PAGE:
Quickest way to attach a fin or kill a boy scout

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Major Tom

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Need some advice. I have a pile of 11 year old scouts with the attention span of a goldfish (and sprinkle in some ADHD) that I will be building rockets with tonight. Their instant gratification brains will implode if they have to wait for Elmer’s glue to dry. What is the best/fastest adhesive to tack the fins on in your opinion?
 

jlabrasca

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+1 on the double-glue advice.

Otherwise thick CA, baking soda (to kick it and to make filets), and polyethylene food-service gloves. Work in a well ventilated space. Get some debonder, too, to fix the ones that get glued on backwards.
 

Back_at_it

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[QUOTE=" Get some debonder, too, to fix the ones that get glued on backwards.[/QUOTE]


You mean, for the ones that get a rocket glued to their forehead...
 

Steveo

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Assuming these are Estes rockets, regular Tacky Glue works well. Participated in a Girl Scout group build and it set up fast for attaching fins etc and seems plenty strong.
 

Dipstick

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I use 5 min epoxy with my youth classes. Helps us keep the worktime down so as to fit in the limited periods we have. It's a little more expensive, but I show them how little is actually required for attaching a fin, and they usually end up sharing puddles of mixed epoxy, so it works quite well.
 

NateB

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This is when the snap-together rockets come in handy...
It has been a while since I was 11, but we built Wizard kits in school with wood glue and most everyone did just fine. I feel like an RTF or snap together rocket is best for my 4 yr old, but an 11 yr scout SHOULD be able to use glue and start learning to use epoxy. Maybe I'm overestimating kids though...
 

Steve Shannon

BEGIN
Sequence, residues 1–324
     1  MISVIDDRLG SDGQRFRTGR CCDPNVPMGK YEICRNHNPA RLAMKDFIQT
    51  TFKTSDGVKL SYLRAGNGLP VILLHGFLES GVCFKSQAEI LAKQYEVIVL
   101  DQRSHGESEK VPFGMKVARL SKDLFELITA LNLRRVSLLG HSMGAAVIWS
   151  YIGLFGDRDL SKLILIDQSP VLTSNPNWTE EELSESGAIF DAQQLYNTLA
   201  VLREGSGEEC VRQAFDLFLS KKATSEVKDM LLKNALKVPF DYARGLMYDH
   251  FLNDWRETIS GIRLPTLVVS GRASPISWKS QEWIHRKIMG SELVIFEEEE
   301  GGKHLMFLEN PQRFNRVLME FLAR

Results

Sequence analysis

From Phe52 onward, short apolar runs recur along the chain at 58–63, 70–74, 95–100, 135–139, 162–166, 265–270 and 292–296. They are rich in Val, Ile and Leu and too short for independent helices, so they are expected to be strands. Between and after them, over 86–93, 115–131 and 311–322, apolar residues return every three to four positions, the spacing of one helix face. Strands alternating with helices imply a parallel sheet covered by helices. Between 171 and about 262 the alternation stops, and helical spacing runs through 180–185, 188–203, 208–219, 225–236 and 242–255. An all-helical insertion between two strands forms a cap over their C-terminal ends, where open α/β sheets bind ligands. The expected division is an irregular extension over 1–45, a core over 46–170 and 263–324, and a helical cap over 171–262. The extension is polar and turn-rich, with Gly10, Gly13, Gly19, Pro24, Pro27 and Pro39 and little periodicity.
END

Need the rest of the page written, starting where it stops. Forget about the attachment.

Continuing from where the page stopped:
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My wife was a second grade teacher with 24 students. My high school age daughter and I bulk assembled the motor mounts the night before of a bulk pack of wizards. That left very little gluing for the 2nd graders.
 

dhbarr

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Depends entirely on the ratio of helpers: kids IMO. 1:4 11yo is vastly different than 1:8 7yo

As an example, 1:3 6yo would get generic e2x on preassembled streamers.
 

TimothyG

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Our Cub Scout group growing up didn’t have as much of a problem with stuff like this. School class was another story, but I think most scouts wanted to be there.
 

Joshua Smith

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CA glue. But what are the chances of them gluing theirs fingers together?
whenever I use the non-gel CA glue, there's about a 25% chance that I will glue fingers together or some random object to the container or some portion of my pants to another portion. That stuff is insanely runny. I even had one leak in the pocket of my shorts and to this day there's a hole (On the inside) where I tried to pull the 2 pieces of the pocket apart
 

les

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I know most will not like this answer, but hot glue will work for attaching fins.
There is an organization that holds an annual rocket build it - fly it that I help with and they use hot glue guns and Elmer's white glue.
My initial reaction was "are you crazy?", but it actually works okay....
 

prfesser

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whenever I use the non-gel CA glue, there's about a 25% chance that I will glue fingers together or some random object to the container or some portion of my pants to another portion. That stuff is insanely runny. I even had one leak in the pocket of my shorts and to this day there's a hole (On the inside) where I tried to pull the 2 pieces of the pocket apart
This. I buy ten tiny tubes of CA from the local flea market for $1.25. They're not filled completely, and they're incredibly thin and runny. I've had my share of got-em-apart-in-time fingers, but the stuff is great for wicking its way into airframe ends.
 

afadeev

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For future reference, Fliskits makes a really good rocket for beginners, the 3 fins lock together to make assembly super simple and fast. Still wood fins so easy wood glue construction. Check it out :